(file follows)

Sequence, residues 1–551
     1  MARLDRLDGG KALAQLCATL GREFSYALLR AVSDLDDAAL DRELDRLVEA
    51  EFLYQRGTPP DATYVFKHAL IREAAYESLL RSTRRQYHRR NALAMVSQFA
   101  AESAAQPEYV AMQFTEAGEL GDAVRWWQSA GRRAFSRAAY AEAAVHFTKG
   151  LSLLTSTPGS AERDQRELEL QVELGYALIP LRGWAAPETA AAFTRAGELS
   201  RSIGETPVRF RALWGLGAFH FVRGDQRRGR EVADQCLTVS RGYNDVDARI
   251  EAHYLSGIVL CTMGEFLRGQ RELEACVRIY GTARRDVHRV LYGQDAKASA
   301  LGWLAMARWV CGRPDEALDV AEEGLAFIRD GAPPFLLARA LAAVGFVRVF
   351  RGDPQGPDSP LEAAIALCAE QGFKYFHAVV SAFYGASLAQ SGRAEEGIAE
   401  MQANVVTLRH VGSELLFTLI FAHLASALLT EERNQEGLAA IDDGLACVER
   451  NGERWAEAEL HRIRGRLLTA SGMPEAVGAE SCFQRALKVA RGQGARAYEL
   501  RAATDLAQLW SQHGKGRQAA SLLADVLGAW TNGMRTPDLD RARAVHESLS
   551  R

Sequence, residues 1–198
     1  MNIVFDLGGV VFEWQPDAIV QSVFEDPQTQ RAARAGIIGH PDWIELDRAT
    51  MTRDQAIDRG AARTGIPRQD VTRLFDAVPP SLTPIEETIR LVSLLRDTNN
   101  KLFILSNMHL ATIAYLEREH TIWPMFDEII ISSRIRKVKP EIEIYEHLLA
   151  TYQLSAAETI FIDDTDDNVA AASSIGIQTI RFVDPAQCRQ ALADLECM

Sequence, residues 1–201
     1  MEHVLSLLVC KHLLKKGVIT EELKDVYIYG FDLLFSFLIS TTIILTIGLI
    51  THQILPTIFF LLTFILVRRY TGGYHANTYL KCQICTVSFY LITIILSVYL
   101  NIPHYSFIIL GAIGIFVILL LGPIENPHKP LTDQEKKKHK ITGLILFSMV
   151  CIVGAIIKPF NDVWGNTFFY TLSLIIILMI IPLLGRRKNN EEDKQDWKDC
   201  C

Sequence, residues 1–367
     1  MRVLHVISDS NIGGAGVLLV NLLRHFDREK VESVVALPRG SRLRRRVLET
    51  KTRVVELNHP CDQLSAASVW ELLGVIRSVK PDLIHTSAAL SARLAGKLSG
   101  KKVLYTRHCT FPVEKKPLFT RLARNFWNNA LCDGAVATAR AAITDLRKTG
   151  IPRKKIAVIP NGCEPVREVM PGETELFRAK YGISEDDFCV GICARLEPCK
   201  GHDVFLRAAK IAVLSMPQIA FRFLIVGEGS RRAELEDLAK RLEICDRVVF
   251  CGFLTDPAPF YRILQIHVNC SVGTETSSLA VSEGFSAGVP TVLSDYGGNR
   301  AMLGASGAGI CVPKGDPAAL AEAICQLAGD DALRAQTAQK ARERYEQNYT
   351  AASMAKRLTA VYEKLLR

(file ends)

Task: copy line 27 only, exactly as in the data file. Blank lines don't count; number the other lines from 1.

    51  KTRVVELNHP CDQLSAASVW ELLGVIRSVK PDLIHTSAAL SARLAGKLSG